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Dublin: 14°C Thursday 26 May 2022

Horses are helping children with disabilities to gain confidence and trust

An equine programme set up by Childvision is now being extended to children from outside its service.

Rupert Isaacson and Ava Kenneddy
Rupert Isaacson and Ava Kenneddy
Image: Sasko Lazarov via Photocall Ireland

CHILDREN WITH DISABILITIES are benefitting emotionally thanks to their bond with horses.

A programme for children with Autistic Spectrum Disorders, Horse Sense, was set up by ChildVision two years ago.

ChildVision is Ireland’s only education centre for blind children.

The equine programme is now being extended to children from outside the ChildVision service.

Maria Kenneddy is the mother of eight year old Ava, who is a pupil in Child Vision.

Ava lost her sight aged two and her mother told TheJournal.ie that Ava ‘really went in on herself and lost her confidence when her sight went’.

Speaking about the difference that Horse Sense has made, Maria said:

It has brought her on in leaps and bounds. Her confidence and trust has improved so hugely, she’s not shy anymore, she’s now confident and outgoing.

“The very impact of the horse movement gives her confidence. It’s very sensory. There’s this huge big animal underneath her and she is in control.

She added that, “The horses know when to be gentle.”

90348987 Ava with her dad and Rupert Isaacson. Source: Sasko Lazarov via Photocall Ireland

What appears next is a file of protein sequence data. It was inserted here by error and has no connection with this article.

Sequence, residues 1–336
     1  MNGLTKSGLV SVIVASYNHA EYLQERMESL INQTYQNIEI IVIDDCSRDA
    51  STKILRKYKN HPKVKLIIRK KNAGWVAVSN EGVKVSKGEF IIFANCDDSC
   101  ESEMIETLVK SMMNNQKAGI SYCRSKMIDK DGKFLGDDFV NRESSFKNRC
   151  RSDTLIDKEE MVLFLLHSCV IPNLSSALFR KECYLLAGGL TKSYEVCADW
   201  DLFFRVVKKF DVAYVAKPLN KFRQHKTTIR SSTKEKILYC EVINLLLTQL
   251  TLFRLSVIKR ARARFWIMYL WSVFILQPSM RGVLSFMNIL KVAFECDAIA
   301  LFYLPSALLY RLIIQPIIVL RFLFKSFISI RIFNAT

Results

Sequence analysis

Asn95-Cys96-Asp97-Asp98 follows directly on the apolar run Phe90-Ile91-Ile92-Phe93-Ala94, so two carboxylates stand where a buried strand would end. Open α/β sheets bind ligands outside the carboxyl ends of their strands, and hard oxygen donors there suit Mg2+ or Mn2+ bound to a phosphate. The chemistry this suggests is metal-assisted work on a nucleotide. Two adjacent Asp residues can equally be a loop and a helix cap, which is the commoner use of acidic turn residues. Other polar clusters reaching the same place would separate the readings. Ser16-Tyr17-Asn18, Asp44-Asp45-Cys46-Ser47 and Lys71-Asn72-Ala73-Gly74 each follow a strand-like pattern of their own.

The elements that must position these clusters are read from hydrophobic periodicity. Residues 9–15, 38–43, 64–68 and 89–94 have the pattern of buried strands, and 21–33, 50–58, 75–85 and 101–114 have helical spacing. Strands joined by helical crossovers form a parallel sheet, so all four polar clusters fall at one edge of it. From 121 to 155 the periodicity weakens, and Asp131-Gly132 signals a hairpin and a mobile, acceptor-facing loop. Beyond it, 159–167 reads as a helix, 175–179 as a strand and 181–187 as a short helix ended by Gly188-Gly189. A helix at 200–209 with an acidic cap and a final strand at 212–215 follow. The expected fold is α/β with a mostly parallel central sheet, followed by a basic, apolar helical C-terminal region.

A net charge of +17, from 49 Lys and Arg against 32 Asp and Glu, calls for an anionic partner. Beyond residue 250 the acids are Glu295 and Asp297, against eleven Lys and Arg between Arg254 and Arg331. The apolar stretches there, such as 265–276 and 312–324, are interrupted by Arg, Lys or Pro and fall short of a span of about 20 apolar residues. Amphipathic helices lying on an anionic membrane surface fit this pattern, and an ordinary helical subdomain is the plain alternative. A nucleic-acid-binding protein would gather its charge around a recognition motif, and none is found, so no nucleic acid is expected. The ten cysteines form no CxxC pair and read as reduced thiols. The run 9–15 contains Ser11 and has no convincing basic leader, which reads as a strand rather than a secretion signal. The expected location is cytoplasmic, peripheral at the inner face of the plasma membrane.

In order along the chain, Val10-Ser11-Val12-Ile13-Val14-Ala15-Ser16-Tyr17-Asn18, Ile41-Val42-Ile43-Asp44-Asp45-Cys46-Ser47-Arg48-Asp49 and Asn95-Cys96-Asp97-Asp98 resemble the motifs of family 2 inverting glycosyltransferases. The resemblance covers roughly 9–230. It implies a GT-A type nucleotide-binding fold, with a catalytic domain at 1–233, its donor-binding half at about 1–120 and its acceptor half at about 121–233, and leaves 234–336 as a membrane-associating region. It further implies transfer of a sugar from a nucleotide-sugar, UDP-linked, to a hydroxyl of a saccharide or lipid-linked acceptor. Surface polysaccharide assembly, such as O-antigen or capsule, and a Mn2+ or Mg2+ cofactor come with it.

Chief Executive of ChildVision, Brian Allen, says, “For a child with a disability the psychological benefit of interacting with the horse cannot be underestimated.

The children benefit emotionally through their connection with these sensitive animals and a profound bond is experienced between the child and the horse, especially those children with a disability where communication is impacted.

The children who attend ChildVision range in age from three months to 23 years old, but most have significant additional disabilities besides their vision impairment.

Allen added that:

Visual Impairment itself causes developmental delays in several key areas such as motor development, sensory development, cognitive development and language development.

“But when visual impairment is coupled with other disabilities such as Cerebral Palsy, Autism Spectrum Disorder, or any number of complex syndromes, the result is the child needs significant therapeutic input to reach their full potential.”

Equine Therapy

The Horse Boy Foundation is a non-profit organisation that was set up by Rupert Isaacson in Texas after his son Rowan was diagnosed with autism.

He came to Ireland for two consecutive years to train up staff in his successful therapeutic intervention.

90348989 Rupert Isaacson, founder of The Horseboy Foundation. Source: Sasko Lazarov via Photocall Ireland

ChildVision now has 14 horses and ponies situated on a 23 acre site just off Griffith Avenue and it’s open to the public 7 days a week.

Isaacson says the facility is one of the best he has seen on his extensive travels through the US and Europe.

ChildVision has the perfect atmosphere for engaging children on the spectrum, it’s fun, relaxed, with plenty of other animals. They also have one of the best sensory trails I’ve come across.

Parents who are interested in their children participating in the Horse Sense programme at ChildVision can email the organisation at info@childvision.ie.

Read: One-eyed horse wins nearly €50,000 for Irish showjumper at Hickstead Derby>

Read: Equine charity calls for castration of horses in ‘problem’ communities>

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